Divorce Made Simple 8 – Costs
In the event that costs are going to be an issue at decree nisi, you need to think very carefully about whether or not you wish to make a claim for costs at the outset of your case in any event. If you do not claim costs at the outset, you cannot change your mind later.
In simple terms, the practicality of costs means that where there is a “naughty” party, costs will follow the event, i.e. the petitioner (the person who is starting the divorce) will be entitled to their divorce costs.
There are five Facts (grounds) for a divorce and different practical considerations apply:
a) The usual practical scenario therefore is where there is a divorce based on the respondent’s adultery or behaviour, we usually claim costs.
b) It is often more a question of judgment as to whether or not you claim costs where there has been a desertion or a five year separation without consent.
c) The reality of the situation is where there is a two year separation by consent, you are unlikely to get your costs as the respondent will, undoubtedly, simply say that they will not sign the divorce documentation until such time as you withdraw your claim for costs in any event.
Therefore, in looking at the first option i.e. adultery and behaviour, is it worth claiming costs?
In simple terms the answer is yes insofar as the costs incurred by you, if you have instructed a solicitor, can be recovered from the respondent as the recalcitrant party. If you have not instructed a solicitor then the costs will be in the region of just less than £400 for the Court fees known as disbursements.
However, in claiming costs, you need to take into account the emotional impact of the respondent feeling aggrieved at having to pay not only their own costs (which, in reality, will be nil if they have not instructed a solicitor but they do not often FEEL that to be the case) and pay your £400 costs, if you have not instructed a solicitor.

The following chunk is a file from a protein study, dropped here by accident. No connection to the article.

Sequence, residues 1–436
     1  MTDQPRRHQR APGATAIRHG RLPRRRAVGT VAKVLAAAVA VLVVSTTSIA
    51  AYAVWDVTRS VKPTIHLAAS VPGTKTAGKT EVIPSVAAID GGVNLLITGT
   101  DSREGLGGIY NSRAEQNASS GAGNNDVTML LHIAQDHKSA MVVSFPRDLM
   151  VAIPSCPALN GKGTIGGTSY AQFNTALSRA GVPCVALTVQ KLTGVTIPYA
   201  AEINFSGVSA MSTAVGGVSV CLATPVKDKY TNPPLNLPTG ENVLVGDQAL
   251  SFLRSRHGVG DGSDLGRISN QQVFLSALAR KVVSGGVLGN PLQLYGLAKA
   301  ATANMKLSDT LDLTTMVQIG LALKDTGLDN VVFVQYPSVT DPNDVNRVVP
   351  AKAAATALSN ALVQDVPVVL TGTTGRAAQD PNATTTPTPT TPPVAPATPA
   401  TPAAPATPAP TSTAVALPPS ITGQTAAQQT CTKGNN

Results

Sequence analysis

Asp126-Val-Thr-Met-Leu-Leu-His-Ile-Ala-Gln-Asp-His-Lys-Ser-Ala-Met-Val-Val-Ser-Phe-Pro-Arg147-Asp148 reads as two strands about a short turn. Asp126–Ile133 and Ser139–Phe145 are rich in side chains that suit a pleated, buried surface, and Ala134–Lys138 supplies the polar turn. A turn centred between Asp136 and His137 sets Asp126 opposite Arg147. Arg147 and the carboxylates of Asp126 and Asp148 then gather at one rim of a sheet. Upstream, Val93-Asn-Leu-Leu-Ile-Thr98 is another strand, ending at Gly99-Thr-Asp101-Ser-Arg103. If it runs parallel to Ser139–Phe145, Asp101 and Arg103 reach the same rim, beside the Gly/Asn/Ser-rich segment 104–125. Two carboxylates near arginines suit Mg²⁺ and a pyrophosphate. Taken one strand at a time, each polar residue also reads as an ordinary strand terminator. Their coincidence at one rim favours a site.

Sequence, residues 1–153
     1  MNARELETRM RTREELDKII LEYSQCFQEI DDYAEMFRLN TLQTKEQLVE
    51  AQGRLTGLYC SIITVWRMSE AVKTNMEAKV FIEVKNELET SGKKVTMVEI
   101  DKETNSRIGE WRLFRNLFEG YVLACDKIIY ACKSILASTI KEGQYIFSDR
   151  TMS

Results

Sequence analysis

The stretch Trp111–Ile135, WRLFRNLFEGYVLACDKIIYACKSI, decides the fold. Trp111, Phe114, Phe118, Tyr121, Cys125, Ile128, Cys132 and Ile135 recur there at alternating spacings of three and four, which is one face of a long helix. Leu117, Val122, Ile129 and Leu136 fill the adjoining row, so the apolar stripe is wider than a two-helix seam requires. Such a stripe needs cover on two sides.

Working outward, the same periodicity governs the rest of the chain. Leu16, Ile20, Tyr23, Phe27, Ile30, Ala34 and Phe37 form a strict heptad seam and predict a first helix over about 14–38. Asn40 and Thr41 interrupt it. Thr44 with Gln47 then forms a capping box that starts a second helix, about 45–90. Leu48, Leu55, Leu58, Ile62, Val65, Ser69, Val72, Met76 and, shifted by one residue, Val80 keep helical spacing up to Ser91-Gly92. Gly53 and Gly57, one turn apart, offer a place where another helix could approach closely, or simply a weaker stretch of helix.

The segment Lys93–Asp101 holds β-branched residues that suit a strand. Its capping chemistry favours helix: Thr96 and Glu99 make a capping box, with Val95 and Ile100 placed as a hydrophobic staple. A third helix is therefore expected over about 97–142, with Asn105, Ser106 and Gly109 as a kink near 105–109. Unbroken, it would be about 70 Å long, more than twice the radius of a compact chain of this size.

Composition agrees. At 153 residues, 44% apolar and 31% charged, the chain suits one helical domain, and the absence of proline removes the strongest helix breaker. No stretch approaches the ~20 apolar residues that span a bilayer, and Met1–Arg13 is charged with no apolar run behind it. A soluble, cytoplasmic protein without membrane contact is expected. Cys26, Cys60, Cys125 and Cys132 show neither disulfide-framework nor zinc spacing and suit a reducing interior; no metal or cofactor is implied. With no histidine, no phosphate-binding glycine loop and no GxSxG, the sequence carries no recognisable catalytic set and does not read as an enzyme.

Sometimes therefore it is strategically more advantageous simply not to make a claim for costs before you even start the proceedings in your case so as to reduce any acrimony between the parties and ensure that the respondent is more likely to return the Acknowledgement of Service form in the first place and save you a whole barrel load of trouble.
This can be particularly more sensitive where there are children in the family as that may lead to all sorts of other repercussions.
The answer therefore is take great care in deciding whether or not to claim costs and there is no right answer and each individual set of circumstances will bring their own particular characteristics to that divorce and the claim for costs needs to be considered in the light of those characteristics.
Suffice to say at this stage that if you did claim costs in your prayer, i.e. the divorce application (petition) then at the decree nisi hearing you can then seek your costs. The usual way of dealing with your claim for costs is either:
(a) Doing nothing and assuming that the Court will simply order costs in your favour in any event; or
(b) That you write a letter to the Court explaining your reasons for your desire to claim all your divorce costs from the respondent; or
(c) That you turn up to Court to explain your position orally.
The third option, I believe, is the least practical option unless you know there are going to be particular difficulties as there may be some considerable waiting involved at Court. The preferred option, I have found in practical terms, is often writing a letter to the Court well in advance to explain your reasons for claiming costs.
If the respondent however wishes to object to paying costs, they need to write to the Court and also provide you with seven days notice of that letter having been sent to the Court to comply with the Rules so that you have then sufficient time in which to respond to that letter that they may have written.
Although it is not always the case, you ought to be able to at least legally assume that if no letter has been received by you from the respondent seven days before the hearing, that they have not put the letter before the Judge for the Judge’s consideration in any event. That prevents you from being ambushed.
Usually, again taking a practical approach to this as opposed to a legalistic one, it would make sense to write a sensible succinct letter to the Court to explain why you would wish to obtain costs just in case you are accidentally ambushed by the respondent by them sending a letter to the Court at the eleventh hour and the Judge failing to spot the lateness of that letter being filed.
In all cases, you should ensure that the letter is not long, rambling and an emotive statement of affairs but clear, concise and to the point. The poor Judges only have a very limited time in which to deal with these matters and it is important that you get your point across by a sensibly worded letter.
The information provided in this article is not intended to constitute legal advice and each relationship breakdown requires careful consideration in our view by a fully qualified Solicitor before decisions are made and before you embark on a certain course of action.
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